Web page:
11. So Steve or somebody explain to me, putting aside higher frequency is more sensitive to tiny objects like gold nuggets. I realize that. Does higher or lower frequencies go deeper? is there any difference for general coin or relic hunting? Would one or the other pick up or let me hear better a deeper fainter signal?
  12. I always have one question in mind which is the best frequency for silver and gold jwellary or treassure hord at the same time i know 7 to 15 khz is for silver relics tressure 15khz to upper is for gold suppose if i find a cannal full of silver and gold jwellary which frequency is best suited for it
  13. Metal Detector Robot

    Looks funny but there is not far between this video and a decent beach detector at least. Just need the digger scoop arm on the back. Kind of like turning a Roomba loose on the beach!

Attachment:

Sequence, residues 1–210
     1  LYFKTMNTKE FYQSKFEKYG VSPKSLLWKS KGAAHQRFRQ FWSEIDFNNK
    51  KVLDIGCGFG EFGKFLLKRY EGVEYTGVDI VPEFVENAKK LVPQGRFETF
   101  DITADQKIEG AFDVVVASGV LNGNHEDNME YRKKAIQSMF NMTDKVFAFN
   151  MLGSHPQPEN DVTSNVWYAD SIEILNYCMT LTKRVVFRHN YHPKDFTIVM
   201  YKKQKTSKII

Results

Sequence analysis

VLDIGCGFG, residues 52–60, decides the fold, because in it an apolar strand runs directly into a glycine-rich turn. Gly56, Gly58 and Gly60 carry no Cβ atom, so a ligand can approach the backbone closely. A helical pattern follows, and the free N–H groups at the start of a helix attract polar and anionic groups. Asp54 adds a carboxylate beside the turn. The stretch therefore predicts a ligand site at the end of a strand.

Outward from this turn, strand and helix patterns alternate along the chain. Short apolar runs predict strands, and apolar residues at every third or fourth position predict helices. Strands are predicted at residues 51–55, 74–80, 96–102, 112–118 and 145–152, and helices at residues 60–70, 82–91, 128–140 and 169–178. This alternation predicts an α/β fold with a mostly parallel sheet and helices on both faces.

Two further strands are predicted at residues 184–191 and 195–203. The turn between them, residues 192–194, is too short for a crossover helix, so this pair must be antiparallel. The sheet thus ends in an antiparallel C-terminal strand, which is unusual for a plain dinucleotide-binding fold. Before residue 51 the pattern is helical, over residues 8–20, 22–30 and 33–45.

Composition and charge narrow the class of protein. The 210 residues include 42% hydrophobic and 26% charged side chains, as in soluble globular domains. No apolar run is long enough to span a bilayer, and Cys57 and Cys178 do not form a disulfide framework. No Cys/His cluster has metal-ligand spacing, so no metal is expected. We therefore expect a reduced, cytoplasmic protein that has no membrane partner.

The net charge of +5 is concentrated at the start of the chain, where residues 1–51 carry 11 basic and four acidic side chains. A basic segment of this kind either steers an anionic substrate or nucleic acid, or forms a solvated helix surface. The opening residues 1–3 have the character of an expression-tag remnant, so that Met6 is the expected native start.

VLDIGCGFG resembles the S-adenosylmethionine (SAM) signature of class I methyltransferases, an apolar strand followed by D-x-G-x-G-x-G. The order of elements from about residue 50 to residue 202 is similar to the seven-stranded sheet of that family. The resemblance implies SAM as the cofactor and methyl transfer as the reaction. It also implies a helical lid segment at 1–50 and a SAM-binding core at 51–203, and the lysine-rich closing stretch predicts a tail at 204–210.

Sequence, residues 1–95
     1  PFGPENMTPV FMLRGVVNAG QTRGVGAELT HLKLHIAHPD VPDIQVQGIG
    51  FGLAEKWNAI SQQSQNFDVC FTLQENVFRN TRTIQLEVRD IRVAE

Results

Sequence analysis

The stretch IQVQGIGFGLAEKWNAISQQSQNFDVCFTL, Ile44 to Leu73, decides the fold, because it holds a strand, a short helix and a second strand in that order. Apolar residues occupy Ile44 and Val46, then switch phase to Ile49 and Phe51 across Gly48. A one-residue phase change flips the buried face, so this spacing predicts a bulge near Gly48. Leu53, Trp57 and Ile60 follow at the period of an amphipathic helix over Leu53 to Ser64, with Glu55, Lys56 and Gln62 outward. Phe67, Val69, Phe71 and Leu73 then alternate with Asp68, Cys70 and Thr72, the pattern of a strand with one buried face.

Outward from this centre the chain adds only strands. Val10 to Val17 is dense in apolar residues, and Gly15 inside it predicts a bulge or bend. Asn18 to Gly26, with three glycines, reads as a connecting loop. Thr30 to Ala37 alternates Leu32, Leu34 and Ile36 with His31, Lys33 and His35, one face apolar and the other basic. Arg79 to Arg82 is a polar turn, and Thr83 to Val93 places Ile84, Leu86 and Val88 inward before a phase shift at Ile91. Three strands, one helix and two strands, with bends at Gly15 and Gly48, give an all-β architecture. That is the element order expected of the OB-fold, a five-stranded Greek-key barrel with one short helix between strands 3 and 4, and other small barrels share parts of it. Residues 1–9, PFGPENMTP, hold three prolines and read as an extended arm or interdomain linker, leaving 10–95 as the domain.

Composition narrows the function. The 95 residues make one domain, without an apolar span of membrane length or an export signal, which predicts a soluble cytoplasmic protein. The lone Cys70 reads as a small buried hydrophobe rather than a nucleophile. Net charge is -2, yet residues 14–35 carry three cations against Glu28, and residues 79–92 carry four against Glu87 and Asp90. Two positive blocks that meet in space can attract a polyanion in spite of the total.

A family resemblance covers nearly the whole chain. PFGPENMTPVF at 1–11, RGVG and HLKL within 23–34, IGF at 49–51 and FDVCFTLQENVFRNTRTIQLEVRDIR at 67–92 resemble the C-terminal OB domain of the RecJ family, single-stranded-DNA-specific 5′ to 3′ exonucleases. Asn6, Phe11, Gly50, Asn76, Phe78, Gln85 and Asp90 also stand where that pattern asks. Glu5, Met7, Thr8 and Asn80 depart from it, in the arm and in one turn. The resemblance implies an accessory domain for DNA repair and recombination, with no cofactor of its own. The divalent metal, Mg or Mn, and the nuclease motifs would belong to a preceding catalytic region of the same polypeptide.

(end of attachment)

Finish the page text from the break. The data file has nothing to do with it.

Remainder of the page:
14. Steve, your a great source for unbiased information. I trust your opinion greatly. Don't fret over what just happened. Many many people view you as a great resource. As you know I have been metal detecting for 30 years. I still consider myself a newbie. However, it is with the same old machine. Back when I purchased my machine we were told it will detect everything, it's a do all machine. I new of prospecting machines, but never knew the difference or seen the demand until I came to this forum. So if you have time, please answer these question. I am going to throw these out as I don't really know how to ask the correct question. What if the difference in a gold machine vs a regular machine? What makes them stand out? I know there is a frequency difference, but what make them stand on when looking for gold? Are they just not tuned for gold?